A class is usually sixty to ninety minutes, which allows for at least an hour of moving meditation. Depending on what type of yoga you practice, you can even take a silent class.

If neither of those appeals to you, you could try one of these ideas:

  • Once a day, find a quiet place to do something that doesn’t require much thought: knitting, crocheting, or building model ships, for example. Focus solely on the activity and the sensations of doing it. Commit to breathing deeply and remaining silent throughout the whole experience and your brain will eventually slow down.
  • Once daily, sit in nature and simply observe. If your mind starts wandering, notice where it’s headed and then come back to your focus. At first you may feel tempted to get up or at least be mentally productive. With consistent practice, that will fade.

Just be sure to remove all distractions, especially distractions of the tech variety.

2. Incorporate things you enjoy in your day and practice mental quiet while you experience them.

This may seem somewhat obvious, but if my experience is any indication, it bears saying. Sure, I do things I love but there are a lot of things I love that I don’t do often, like spending time around animals.

I wondered about that while a lamb nuzzled up against my shin. Why didn’t I have some type of hobby that allowed me to be around animals? And what about the other things that I love so much that I easily get in the zone? Why when things get busy do I sacrifice yoga?

Sometimes we get so caught up in the things we think we should do or need to do that we forget to make joy a priority. Then when we do find pockets of time to do the things we love, oftentimes we’re somewhere else mentally, thinking about everything else.

The best way to challenge this is to create a list of things you love so much they have the potential to melt everything else away. Commit to doing some of these a little every day. Then when you’re doing them, observe your thoughts.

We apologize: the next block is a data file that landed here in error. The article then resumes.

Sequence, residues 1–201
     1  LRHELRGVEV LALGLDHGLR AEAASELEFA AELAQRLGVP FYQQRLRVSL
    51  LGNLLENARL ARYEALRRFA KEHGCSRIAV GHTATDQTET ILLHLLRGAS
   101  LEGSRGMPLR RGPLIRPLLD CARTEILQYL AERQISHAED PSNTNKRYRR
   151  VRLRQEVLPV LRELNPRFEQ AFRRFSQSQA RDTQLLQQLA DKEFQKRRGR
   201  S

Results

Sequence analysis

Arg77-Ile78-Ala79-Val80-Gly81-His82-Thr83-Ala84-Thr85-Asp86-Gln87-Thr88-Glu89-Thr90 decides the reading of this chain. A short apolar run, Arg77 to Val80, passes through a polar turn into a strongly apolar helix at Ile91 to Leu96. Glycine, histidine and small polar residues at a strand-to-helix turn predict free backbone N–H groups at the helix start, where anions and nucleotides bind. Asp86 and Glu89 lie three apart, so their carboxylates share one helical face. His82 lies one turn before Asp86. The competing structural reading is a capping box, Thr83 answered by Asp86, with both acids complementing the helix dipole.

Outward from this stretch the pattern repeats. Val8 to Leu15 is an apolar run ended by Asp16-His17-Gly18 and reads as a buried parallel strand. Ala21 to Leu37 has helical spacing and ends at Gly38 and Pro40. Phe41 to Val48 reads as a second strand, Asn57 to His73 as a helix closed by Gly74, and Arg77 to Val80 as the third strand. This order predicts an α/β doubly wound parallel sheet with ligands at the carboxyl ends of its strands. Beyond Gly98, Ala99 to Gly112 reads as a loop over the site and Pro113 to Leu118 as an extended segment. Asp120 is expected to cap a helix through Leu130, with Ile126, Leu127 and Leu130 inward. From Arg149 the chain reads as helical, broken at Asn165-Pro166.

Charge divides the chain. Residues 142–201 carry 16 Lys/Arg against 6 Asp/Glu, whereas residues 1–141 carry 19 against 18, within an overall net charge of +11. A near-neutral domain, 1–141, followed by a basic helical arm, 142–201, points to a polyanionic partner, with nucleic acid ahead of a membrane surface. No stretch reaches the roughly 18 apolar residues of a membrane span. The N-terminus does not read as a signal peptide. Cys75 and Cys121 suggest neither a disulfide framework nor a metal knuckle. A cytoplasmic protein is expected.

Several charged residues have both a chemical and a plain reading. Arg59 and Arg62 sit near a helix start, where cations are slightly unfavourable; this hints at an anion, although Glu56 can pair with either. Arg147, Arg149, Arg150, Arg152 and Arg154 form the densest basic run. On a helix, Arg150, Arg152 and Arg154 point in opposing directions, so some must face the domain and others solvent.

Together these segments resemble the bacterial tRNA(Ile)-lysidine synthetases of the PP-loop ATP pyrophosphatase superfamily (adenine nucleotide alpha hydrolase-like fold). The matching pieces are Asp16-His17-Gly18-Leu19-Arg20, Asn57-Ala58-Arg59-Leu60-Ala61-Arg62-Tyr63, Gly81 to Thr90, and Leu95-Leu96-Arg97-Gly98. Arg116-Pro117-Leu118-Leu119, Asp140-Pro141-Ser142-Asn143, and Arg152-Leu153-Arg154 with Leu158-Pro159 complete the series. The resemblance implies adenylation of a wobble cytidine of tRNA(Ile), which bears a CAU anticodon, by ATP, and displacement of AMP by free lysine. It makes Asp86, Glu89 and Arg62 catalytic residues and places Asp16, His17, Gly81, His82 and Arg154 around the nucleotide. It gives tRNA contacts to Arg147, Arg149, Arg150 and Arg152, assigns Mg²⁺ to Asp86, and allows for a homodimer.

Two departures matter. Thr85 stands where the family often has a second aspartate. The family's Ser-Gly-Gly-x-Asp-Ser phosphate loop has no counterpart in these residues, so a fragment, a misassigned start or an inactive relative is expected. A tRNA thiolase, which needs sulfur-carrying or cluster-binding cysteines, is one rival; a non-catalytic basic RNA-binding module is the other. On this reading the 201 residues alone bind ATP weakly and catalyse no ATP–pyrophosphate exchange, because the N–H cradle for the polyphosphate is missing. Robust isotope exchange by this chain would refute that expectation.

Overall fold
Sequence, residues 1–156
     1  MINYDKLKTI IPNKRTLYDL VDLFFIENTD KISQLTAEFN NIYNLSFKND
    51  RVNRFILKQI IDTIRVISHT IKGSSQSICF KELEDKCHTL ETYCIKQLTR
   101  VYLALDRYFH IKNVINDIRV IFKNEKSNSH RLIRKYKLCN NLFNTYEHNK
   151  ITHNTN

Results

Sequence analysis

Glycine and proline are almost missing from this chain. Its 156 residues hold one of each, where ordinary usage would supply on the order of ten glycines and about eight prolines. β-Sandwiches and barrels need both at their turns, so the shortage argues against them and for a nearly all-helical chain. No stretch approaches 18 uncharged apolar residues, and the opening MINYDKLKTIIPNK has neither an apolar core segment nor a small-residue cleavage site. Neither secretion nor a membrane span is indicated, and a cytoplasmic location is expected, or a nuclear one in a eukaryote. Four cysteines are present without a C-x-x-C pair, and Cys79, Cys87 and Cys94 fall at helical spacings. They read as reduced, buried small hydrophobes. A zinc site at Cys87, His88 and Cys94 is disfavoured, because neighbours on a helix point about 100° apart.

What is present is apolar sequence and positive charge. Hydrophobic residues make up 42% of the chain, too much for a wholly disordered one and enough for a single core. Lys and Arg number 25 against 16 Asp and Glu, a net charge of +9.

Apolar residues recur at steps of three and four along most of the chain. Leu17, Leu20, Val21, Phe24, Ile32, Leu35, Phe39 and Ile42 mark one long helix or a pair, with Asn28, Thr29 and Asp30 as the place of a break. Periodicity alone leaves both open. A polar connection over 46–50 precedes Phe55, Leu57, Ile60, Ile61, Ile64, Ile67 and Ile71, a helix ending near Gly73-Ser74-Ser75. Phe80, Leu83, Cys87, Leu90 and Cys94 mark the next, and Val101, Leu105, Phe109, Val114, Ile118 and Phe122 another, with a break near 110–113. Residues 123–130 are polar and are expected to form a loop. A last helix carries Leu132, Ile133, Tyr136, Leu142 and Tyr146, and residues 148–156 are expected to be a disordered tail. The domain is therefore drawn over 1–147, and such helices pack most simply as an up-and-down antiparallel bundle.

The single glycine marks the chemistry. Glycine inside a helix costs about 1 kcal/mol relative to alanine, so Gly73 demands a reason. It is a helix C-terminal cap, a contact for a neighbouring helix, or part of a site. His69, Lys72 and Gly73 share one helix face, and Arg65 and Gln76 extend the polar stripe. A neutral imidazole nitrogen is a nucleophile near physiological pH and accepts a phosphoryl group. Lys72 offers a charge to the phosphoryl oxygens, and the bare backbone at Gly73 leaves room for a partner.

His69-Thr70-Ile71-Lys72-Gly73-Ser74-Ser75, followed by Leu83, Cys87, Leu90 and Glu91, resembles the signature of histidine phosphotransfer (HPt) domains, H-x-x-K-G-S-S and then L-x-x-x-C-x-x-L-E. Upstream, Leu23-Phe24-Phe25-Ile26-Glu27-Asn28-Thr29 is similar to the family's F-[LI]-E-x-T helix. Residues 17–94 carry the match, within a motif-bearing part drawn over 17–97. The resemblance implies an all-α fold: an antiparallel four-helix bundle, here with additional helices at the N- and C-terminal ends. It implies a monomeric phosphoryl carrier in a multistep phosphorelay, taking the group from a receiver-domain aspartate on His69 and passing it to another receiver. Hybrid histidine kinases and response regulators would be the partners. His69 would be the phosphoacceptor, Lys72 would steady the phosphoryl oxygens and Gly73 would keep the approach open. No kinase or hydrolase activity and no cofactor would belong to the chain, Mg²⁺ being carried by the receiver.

If you start judging, fearing, stressing, or analyzing, notice it and bring yourself back to the present moment. When my mind starts wandering, I tell myself a little something like this:

Stop. Put those thoughts aside. You can think them later if you want to. The most effective thing you can do right now is let yourself enjoy the moment. This moment—this joy—is what you work for. If you can’t enjoy it, the work is pointless.

3. Find things to enjoy in the things you don’t and practice mental quiet while you experience them.

There are plenty of things you’ll have to do in life that won’t seem fun in any way. I once had a doctor that was chronically a half-hour behind. I hated the time in his waiting room because I felt he was wasting my time. For years I’d show up and sit there seething, thinking all kinds of negative thoughts as if I was spiting him with my unspoken hostility.

It took me a long time to realize that open-ended downtime could be a gift. I could bring music, magazines, whatever, and use the time to recharge before the rest of the day. Since I was on someone else’s time, I could also use it to practice acceptance and mindfulness.

When I thought of it that way, the time seemed both more useful and more fun. I’d like to say that I was always a ray of sunshine in that waiting room, leading scores of once frustrated patients in rounds of Kumbaya. But that’s a lie. Sometimes I drifted back to annoyance, which quickly snowballed into other annoyances.

It’s all too easy for one little grievance to turn into a laundry list of judgments and problems, hence the second part of the equation: practice mental quiet.

When you’re in that situation that’s not quite so fun, it might take work to come back to your peace of mind. It’s worth it to make the effort. It may seem like we have an endless supply of moments in life but the truth is they are finite.